ACC 543 – Computer Audit & Investigation
A2, 2011
School of Business


Dr. Raymond S. Kulzick, CPA, CFF, CFE, FCPA, CDFA
St. Thomas University
School of Business - OMH
Phone: 305.628.6624


This is an elective course in the Master of Accounting and Master of Business Administration (Accounting Specialization) programs. It is one of the courses in the Forensic Accounting Specialization (MAC) or Certificate. It is both a content and process course. Since process is a significant component of the course, participative instructional approaches are utilized as time permits.

The major course objectives are:



Arens, Alvin A. & Elder, Randal J. (2008). Computerized Auditing Using ACL (2nd ed.). Okemos, MI: Armond Dalton Publishers. This book comes with software and a reference book, shrink-wrapped. Do not buy used. ISBN 978-0-912503-29-5.

CaseWare IDEA Inc. (2010). IDEA Version 8 Workbook. Toronto, CA: Author. This book comes with software, shrink-wrapped. Do not buy used.

Coderre, David G. (2009). Computer-aided fraud prevention & detection: a step-by-step guide. Hoboken, NJ: John Wiley & Sons, Inc. This book comes with software; be careful if you are buying used. ISBN 978-0-470-39243-0.

Handouts and other materials as provided.


        Basic proficiency with Excel and Word.
        Undergraduate Accounting Information Systems (ACC 304 or equivalent)
        Undergraduate Auditing (ACC 402 or equivalent).


Internet access is required. This is most convenient from your home; however, the University does provide such access to students from the library. You are required to check my web site: at least weekly for updates and further information regarding the course.


This course requires significant student access to a computer. You must have your own computer capable of running Windows programs for this course. STU lab and classroom computers are not available. It will be most convenient for you and save you some time if you have a laptop that you can bring to class with you and then use for your homework. Note a laptop is not required.


The course requires a research project. Students are required to access primary sources of information. More information is provided during the course.


General. Students are expected to come to each class with all reading, computer and writing assignments completed. Written cases, projects and assignments are to be submitted to the instructor prior to the beginning of the class for which they are assigned. No case, project or assignment may be submitted late.

If you want your quizzes, projects, or other papers back after the end of the semester, you must pick them up within 2 weeks after classes begin for the following semester, or provide a STAMPED self-addressed envelope.

YOU are responsible for monitoring your progress and dropping in a timely manner if appropriate. DROP DEADLINES ARE ENFORCED.

All papers are to be typed and in the prescribed format. It is required that students utilize a word processor and spell checker. Poorly written papers and those with misspellings are not acceptable at the graduate level. Please do not use covers or binders; staple in the upper-left corner. Points will be deducted for improper style, grammar, or spelling.

Integrity. No professional can maintain credibility using another's work, whether that person is a fellow student or a published writer. All work is to be SOLELY and COMPLETELY done by the individual student. READ THE ATTACHED STATEMENT ON PLAGIARISM. Copying (including rephrasing) even one sentence without proper attribution constitutes plagiarism. A student whose paper is copied is equally at fault as those who do the copying. Keep your work confidential and to yourself! Not everyone is as honest as you are. Students should carefully read, understand and abide by the attached statement on plagiarism and the Graduate School Policy on Academic Conduct in the current catalog and student handbook.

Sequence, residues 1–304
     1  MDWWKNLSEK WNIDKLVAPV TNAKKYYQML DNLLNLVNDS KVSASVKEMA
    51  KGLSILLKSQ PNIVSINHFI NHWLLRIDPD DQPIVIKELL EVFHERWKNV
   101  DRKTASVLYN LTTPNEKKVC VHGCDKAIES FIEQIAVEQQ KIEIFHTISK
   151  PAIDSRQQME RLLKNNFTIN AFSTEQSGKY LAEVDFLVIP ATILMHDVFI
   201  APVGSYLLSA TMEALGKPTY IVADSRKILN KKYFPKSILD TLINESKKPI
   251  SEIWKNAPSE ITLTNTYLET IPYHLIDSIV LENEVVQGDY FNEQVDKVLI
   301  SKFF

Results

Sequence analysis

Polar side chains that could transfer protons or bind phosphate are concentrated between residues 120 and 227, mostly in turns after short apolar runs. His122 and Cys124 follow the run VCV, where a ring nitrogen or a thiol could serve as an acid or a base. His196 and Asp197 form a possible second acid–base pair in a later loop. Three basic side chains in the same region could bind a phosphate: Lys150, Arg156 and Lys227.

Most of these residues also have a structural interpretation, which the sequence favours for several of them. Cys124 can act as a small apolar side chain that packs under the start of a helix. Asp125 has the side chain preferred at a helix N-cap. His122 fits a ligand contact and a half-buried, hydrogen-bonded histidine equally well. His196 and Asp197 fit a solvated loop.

Individual Projects. A number of individual projects are required. These are to be submitted as assigned by the due date. Late papers are not accepted. These are individual efforts and absolutely no collaboration or assistance of any kind is allowed on these projects. If you miss class, it is your responsibility to obtain the necessary project information (which may include data files). Although projects will be graded on the basis of content rather than length, full and complete answers are expected.

Class Attendance & Participation. This is a lab-type course and ATTENDANCE IS REQUIRED. Every student is expected to participate and contribute to the group's learning experience in a consistent, accurate, and constructive manner. The quality of preparation for class discussion will be a significant factor in the participation grade.

Quizzes & Computer Homework. Usually there will be a weekly in-class quiz. Most weeks there will also be a computer homework assignment. There are NO MAKEUPS. The lowest grade for each is dropped. Quizzes are drawn from the texts, cases, lectures, projects and any assigned supplementary materials. You will be held accountable for all assigned material, whether or not it is discussed in class.


        Quizzes                               20%
        Computer Homework        20%
        Projects                               45%
        Class participation            15%

A = 93.0 - 100
A- = 90.0 -92.9
B+ = 87.0 -89.9
B = 83.0 -86.9
B- = 80.0 -82.9
C+ = 77.0 -79.9
C = 73.0 -76.9
C- = 70.0 -72.9
D+ = 67.0 -69.9
D = 60.0 -66.9
F = 0-59.9

- 2/11/2011 -


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Copyright © 2007-2011 Raymond S. Kulzick - Last modified: February 11, 2011